BANGKOK (Reuters) - Prized birds faced off in front of thousands of spectators at a stadium near Thailand’s capital on Sunday as celebrations for the Year of the Rooster brought a windfall for some.
Although cockfighting is banned in many countries on grounds of animal cruelty, it is a lucrative business in Thailand as well as a popular pastime. Sunday’s top bird sold for over $70,000.
“This year is a very good year for us. It’s the year of the golden rooster. The value of the roosters has gone up,” said Banchej Changyai, 55, who was running the contest south of Bangkok on the second day of celebrations for the Lunar New Year.
Each fight involves two roosters facing off in a pit. They lurch at each, inflicting damage with beaks and wings.
Each round is 22 minutes long, and there can be up to six rounds depending on the roosters’ endurance.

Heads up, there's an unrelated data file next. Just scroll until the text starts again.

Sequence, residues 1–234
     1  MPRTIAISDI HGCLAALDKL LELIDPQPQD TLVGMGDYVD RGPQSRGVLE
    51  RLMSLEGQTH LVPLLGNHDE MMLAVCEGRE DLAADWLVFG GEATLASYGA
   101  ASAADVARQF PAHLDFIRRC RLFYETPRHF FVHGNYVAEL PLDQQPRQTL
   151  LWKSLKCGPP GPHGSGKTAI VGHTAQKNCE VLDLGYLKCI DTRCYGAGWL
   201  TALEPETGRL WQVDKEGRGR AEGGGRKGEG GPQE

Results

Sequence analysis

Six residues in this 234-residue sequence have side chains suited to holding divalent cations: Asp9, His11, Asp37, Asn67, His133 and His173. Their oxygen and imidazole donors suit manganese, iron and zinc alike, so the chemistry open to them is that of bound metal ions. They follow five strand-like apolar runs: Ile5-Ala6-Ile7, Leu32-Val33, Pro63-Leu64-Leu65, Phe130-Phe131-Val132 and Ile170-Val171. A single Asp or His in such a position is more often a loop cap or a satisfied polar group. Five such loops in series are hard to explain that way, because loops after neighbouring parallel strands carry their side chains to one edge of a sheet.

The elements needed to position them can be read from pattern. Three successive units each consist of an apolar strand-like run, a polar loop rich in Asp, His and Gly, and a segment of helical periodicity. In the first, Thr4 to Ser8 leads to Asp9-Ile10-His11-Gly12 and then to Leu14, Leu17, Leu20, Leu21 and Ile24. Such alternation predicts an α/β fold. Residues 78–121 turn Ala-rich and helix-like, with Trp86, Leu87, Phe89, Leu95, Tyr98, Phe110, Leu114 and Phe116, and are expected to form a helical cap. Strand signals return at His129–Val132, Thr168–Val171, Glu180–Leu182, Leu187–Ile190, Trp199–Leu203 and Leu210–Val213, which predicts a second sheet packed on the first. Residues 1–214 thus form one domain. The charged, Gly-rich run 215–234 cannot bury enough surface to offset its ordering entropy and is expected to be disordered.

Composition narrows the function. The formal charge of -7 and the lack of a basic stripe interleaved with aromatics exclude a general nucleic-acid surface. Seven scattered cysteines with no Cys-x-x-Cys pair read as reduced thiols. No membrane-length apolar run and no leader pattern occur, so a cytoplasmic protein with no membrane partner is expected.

“Today, the rooster brought me a lot of money. I love cockfighting, it’s a hobby of mine,” said Narongsak Sealee, 22, after winning 500,000 baht ($14,170) at the Thedthai cockfighting stadium in Samut Prakan province.
Unlike in many countries, the Thai cocks do not fight to the death. Instead, the first bird to cower away loses.
“This rooster is so good that it gives me, the owner, a great reputation and makes me very happy,” said Virat Patcharaphangkorn, after buying the event’s prize rooster for 2.5 million baht ($70,840).
Editing by Matthew Tostevin, Larry King